FRESHNESS PAYS Eero Ruutila produces wonderful vegetables on his farm in Litchfield, NH - mesclun greens, tomatoes, baby leeks, baby fennel, carrots, potatoes, haricots verts, squashes, herbs, etc. We use other purveyors, too, like Russo, of course, but it's nice to keep in touch with the farmers to see what they may have a lot of one week, and adapt our menu to their seasons. Nature's seasons do not line up with spring, summer and fall - our menu evolves little by little all year long. Niman Ranch is not one place but a collective of farmers who breed pork under a protocol - that translates to extra intramuscular fat, flavor and succulence. The pigs aren't fed growth hormone or antibiotics. They get outdoors, which also means flavor. We also love Colorado lamb, and buy our rabbits, pheasant and quail from Vermont.
DIRECT WINES Just as we keep the menu fairly simple, we keep our wine list with the tried and true. We don't want any "dogs" on the menu, or on the list. Why carry inventory if we don't sell it? We do want to offer wines that people can't find everywhere, but at the same time, we want them to find things that make them happy.
STEADY REDS We're mainly California and France, and have been for years. Michael Martin, my GM for four years, puts together our wine list. California Sauvignons have been a mainstay for us. Some wineries that we've stuck with are Shafer and Matanzas Creek. We've served Stag's Leap, Grgich Hills, Robert Mondavi, and Silver Oak - forever.
OLD FAVORITES There are some dishes that have been on the menu since 1987 - customers won't let me take them off. Polenta with braised mushrooms, grilled shrimp with mango-jalapeno sorbet. Some wines just go with the dish, though it's harder to keep European entries current - some names that used to be favorites are now priced too high. From France we keep Guigal (Viognier and Hermitage); from Italy, Antinori's and Monsanto's Chianti Classico Riservas, and also well-priced Sangioveses, like Umberto Cesari's Liano and Paretaio.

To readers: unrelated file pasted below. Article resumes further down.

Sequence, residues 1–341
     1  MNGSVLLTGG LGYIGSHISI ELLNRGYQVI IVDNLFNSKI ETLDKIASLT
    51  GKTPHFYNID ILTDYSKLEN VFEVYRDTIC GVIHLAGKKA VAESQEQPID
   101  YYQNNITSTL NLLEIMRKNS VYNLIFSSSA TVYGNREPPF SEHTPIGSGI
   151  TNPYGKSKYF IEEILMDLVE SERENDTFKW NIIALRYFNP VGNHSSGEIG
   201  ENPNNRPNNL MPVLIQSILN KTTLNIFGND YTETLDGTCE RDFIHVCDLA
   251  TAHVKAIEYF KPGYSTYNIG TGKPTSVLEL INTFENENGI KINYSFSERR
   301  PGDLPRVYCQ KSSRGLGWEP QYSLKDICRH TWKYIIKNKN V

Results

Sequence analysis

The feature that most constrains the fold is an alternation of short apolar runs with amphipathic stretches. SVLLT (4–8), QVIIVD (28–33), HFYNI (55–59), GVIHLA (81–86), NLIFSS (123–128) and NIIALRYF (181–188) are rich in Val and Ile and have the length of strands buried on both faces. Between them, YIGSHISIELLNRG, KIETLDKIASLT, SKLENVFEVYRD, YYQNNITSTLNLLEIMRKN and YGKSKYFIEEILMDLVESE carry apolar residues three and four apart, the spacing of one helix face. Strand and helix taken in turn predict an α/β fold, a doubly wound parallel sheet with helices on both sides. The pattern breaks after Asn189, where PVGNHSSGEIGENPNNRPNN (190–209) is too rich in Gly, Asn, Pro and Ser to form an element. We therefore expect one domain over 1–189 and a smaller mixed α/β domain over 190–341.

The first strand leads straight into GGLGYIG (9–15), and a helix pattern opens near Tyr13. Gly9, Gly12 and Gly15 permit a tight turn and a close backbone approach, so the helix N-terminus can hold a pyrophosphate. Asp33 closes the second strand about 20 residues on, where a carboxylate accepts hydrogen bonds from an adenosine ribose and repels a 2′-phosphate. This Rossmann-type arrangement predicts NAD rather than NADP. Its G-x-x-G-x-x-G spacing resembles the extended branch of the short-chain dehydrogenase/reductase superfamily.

NEW WRINKLES Pinot Noir, especially now from Oregon - Bethel Heights and Patricia Green - goes beautifully with our game dishes - lamb and duck year 'round, rabbit and venison in the winter. But we're also featuring Southern Hemisphere wines, from South Africa, South America and Australia, more often. We've done well with robust reds like Rosemount Show Reserve Shiraz, Montes Alpha Syrah and Catena Malbec.
HOT WHITES Pinot Gris have become popular and we carry some strong examples: Rex Hill (Willamette), Hugel's Tradition (Alsace), Jermann (Collio). But California Chardonnays are trumps: Acacia, Chalk Hill, Flowers, Kistler, Sonoma Cutrer.
PHILOSOPHY We take what we do seriously, but we enjoy a good time. Our guests' experience matters to us. Informality rules - we have no dress code, and it's not chef's whites and toque in the kitchen, either. We listen to Red Sox games while cooking. This business can chew you up and grind you out. There's enough stress just trying to get things right; I don't want to add to it with stuffy attitude, or yelling at people.
HOT KROSS JAZZ Another good guest experience is our long-standing Friday night jazz policy. Mark Kross has played jazz piano here going on twelve years now. Mark's relaxed, sharp - invites in a rotation of guest players like trumpeters Herb Pomeroy and Dave Whitney, bassist Marc Pucci, reedman Billy Novick.